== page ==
Growing populations and periodic drought conditions have exacerbated water stress in many areas worldwide. In response, some municipalities have considered desalination of saline water as a freshwater supply. Unfortunately, desalination requires a sizeable energy investment. However, renewable energy technologies can be paired with desalination to mitigate concern over the environmental impacts of increased energy use. At the same time, desalination can be operated in an intermittent way to match the variable availability of renewable resources. Integrating wind power and brackish groundwater desalination generates a high-value product (drinking water) from low-value resources (saline water and wind power without storage). This paper presents a geographically-resolved performance and economic method that estimates the energy requirements and profitability of an integrated wind-powered reverse osmosis facility treating brackish groundwater. It is based on a model that incorporates prevailing natural and market conditions such as average wind speeds, total dissolved solids content, brackish well depth, desalination treatment capacity, capital and operation costs of wind and desalination facilities, brine disposal costs, and electricity and water prices into its calculation. The model is illustrated using conditions in Texas (where there are counties with significant co-location of wind and brackish water resources). Results from this case study indicate that integrating wind turbines and brackish water reverse osmosis (BWRO) systems is economically favorable in a few municipal locations in West Texas.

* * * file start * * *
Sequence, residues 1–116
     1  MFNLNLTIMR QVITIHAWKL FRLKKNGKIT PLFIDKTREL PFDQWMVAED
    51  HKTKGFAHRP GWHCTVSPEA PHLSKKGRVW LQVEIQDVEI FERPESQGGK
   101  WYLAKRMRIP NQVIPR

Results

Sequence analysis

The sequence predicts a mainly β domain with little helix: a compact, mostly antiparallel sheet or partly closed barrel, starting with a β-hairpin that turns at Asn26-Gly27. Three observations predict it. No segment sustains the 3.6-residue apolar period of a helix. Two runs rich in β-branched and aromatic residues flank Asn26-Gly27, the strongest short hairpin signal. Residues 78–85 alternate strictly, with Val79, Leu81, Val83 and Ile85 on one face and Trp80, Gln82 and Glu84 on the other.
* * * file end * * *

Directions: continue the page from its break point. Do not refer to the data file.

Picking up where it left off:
- Brackish groundwater
- Reverse osmosis
- Wind power
ASJC Scopus subject areas
- Geography, Planning and Development
- Renewable Energy, Sustainability and the Environment
- Management, Monitoring, Policy and Law